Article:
Principal’s Bookshelf: Ripe for Change: Garden-Based Learning in Schools

Jane S. Hirschi.
Harvard Education Press, 2015, 149 pages.

Community gardens are popping up all around the country. You see them everywhere—outside churches and schools, and within neighborhoods. The opportunities to learn within a garden setting are endless, and community gardens put those opportunities in the hands of children and adults who have been raised in a processed and fast food world.

Jane S. Hirschi’s book will inspire you with her garden-based learning advocacy. Written in a practical tone, Ripe for Change: Garden-Based Learning in Schools promotes the concept of gardening in schools by providing the philosophy of and process for creating a school-based community garden. It also details how to overcome barriers to the process.

Each chapter brings you deeper into the world and benefits of community gardens. Hirschi highlights actual teachers and students doing real learning through the gardening process. She writes that school gardens give students context for understanding both simple and complex concepts, and engages them in hands-on opportunities. Teachers can use the garden for a single lesson or series of lessons with curricular connections. From math problems to science observations to creative writing, Hirschi shares stories of children who have been inspired to learn from their exposure to community garden-based learning.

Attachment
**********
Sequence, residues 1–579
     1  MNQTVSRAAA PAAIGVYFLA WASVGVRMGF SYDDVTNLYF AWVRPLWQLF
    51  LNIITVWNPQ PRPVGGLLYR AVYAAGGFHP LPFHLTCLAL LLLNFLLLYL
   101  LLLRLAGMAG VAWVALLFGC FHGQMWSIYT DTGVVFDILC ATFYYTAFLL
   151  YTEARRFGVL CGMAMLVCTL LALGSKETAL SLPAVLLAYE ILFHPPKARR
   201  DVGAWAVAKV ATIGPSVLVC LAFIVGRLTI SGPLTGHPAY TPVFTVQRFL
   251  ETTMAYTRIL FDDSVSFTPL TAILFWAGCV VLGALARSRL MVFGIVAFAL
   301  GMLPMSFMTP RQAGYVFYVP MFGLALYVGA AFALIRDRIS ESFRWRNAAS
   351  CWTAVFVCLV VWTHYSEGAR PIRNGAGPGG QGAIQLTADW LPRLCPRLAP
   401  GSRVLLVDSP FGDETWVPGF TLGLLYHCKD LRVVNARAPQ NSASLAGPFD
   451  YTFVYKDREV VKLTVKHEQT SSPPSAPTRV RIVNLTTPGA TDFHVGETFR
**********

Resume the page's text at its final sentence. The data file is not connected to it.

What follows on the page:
The author also shares five models for garden-based learning from schools across the United States, providing the historical background, design, funding process, and support and assessment systems for each model. By providing the historical background, Hirschi alleviates some of the weight of the daunting task of creating a community garden-based learning program in your school.

Lastly, Ripe for Change provides a set of valuable assessment tools to determine the impact and benefits of a garden-based education program. Considering that funding for a garden-based learning program may come from multiple stakeholders, an assessment to provide feedback on the program’s success is imperative for support.

I found Hirschi’s book to be inspiring. She writes with passion for the topic as a leader in the garden-based learning arena. The book is a manageable read at 149 pages, and provides practical information on a process that could bring immense benefits to your students.

Reviewed by Kristin Liewehr Bishop, an elementary school principal in Plano, Texas. NAESP MEMBER


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